Wednesday, March 05, 2008

Too Hot To Handle, or... Temperature Outposts Skewed

If Government Can't Tell Temperatures Right,

What Makes You Think They Can Run Health-Care Well?

I wanted to piggy-back on an important site and the work this person has done. He has set out to study over a thousand weather stations where the government takes temperatures that have been used in the “scare” about Global Warming. As you will see, many of these weather stations (temperature taking apparatus) are in areas that reflect heat or have been built around with concrete and steel.

This site has a purpose, that is to study 1,200 (plus) stations:

The survey project continues to move forward, even in these cold and snowy winter months. I’m pleased to announce that we have just passed the 500 mark for surveyed stations. Now with 41.1% of the network surveyed comprising 502 stations surveyed so far, that leaves 719 to go out of 1221 stations nationwide.

What a task.

Not to mention that they are government run, so the calibration would be right on or would have been neglected for some time? I will let the reader come up with the most plausible answer to that.

Here are some photos with a short explanation… by-the-by, the site where this can be found at (in the links to the right of the main blog is:

This first site has some commentary from Whats Up With That researcher, enjoy... and may I add that if one stays long enough another factor that would play in this station being way off would be when the guys and gals are out washing down their firetrucks (and the like).

One of the things that happens when your work becomes well known is that people send you things to look at. Such is the case for today’s subject. Here we have a NOAA COOP station which is on the side of a mountain, well away from large cities. Only problem is, they put it right next to a parking lot.

A reader of this blog, Brad Herrick, sent me these photos of the Mt. Charleston weather station on State Route 157 west of Las Vegas. For those that don’t know, Mt. Charleston is the large mountain to the west that overlooks Las Vegas. NOAA lists it on it’s COOP-A list, meaning that it reports for the climatic database. It’s been in operation since 1949. Its been moved 3 times, but all within about 1/2 mile as the fire station changed and grew.

According to NOAA’s MMS database, here is the description: Elevation, 7600 feet. NV DIV OF FORESTRY FIRE STN KYLE CYN OUTSIDE AND 30 MI NW PO AT LAS VEGAS NV. Topographic Details: RUGGED DEEP CANYON .25 - .5 MILE WIDE, RISING TO PEAKS 3000-5000 FEET HIGHER TO NORTH, SOUTH AND WEST A DISTANCE OF 2 TO 4 MILES. Lat/Lon 36.2597, -115.6452 , COOP ID 265400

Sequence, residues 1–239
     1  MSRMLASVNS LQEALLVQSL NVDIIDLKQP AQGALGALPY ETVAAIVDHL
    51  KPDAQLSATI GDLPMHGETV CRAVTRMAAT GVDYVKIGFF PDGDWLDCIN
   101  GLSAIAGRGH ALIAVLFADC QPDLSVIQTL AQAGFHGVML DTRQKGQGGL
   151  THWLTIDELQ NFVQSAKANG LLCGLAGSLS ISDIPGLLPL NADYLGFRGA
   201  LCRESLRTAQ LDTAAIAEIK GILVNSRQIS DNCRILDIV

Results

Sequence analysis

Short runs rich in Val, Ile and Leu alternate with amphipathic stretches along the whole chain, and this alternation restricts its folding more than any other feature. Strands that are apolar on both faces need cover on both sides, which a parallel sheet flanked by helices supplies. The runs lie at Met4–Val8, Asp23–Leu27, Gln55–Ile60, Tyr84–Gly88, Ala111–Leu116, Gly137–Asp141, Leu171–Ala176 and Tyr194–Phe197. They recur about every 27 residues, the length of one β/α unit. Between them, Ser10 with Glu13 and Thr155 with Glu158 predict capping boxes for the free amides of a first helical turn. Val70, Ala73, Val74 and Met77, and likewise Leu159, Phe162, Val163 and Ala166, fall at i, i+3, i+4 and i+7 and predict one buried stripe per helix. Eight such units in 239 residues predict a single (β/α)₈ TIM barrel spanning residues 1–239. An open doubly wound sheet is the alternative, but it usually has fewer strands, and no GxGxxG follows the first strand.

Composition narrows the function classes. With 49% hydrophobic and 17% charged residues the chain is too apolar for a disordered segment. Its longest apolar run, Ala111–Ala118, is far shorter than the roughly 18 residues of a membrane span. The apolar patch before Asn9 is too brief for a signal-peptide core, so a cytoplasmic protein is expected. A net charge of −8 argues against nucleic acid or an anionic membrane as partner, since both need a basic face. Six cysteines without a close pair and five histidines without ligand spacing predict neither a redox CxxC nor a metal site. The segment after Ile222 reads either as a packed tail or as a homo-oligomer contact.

Seems pretty rural, with a mental image of “way up in the mountains” if you were researching this station. By James Hansen’s figuring, it would also be a “lights=0″ station since I doubt there is municipal street lighting for this area.

It’s certainly well enough away from the super sized Las Vegas concrete and asphalt heat island.

Here is the view from Google Earth:

Except for a few houses, it certainly looks “rural”. Any researcher at NCDC or maybe a university that might use this station in some research report would certainly think this station was well away from the building/concrete/asphalt influence of bustling Las Vegas wouldn’t they?

But then we see this:

And this:

And This

Unfortunately, I don’t have a time series temperature graph of this station to show you since I haven’t found a place at NCDC yet to graph COOP stations that are COOP-A. If anybody knows of such a link, please let me know.

There’s nothing like convenient parking to convert a rural station to urban. But lets not forget the maintenance of the Stevenson Screen roof (see pic #2 -large), hillside, shade bushes, fire station building revisions, and portable storage unit. When did all that happen? We have no idea.

Surely, it’s easy to disentangle all that from the temperature record. Quick! Somebody create an adjustment equation.

Lampasas, TX., this weather station was found to be tucked between a building, and two parking lots, one with nearby vehicles. According to the surveyor, it is right next to the ACE Hardware store on the main street of town. While likely representative of the temperature for downtown Lampasas, one wonders how well it measures the climate of the region.

Another shot.

Miami AZ., I do not think this one needs an explanation about how bad the temperature readings must be... um, hotter than they should be???

Another shot.

Cedarville CA., looking east. Take note of the new Forest Service concrete pad for their offices.

Inside temperature structure.

Looking north. I am sure no heat radiates off the propane tanks.

Some great work on the part of this site. Holding the crazy enviro-whacker's to task as well as holding the government responsible for shoddy work!! Awesome!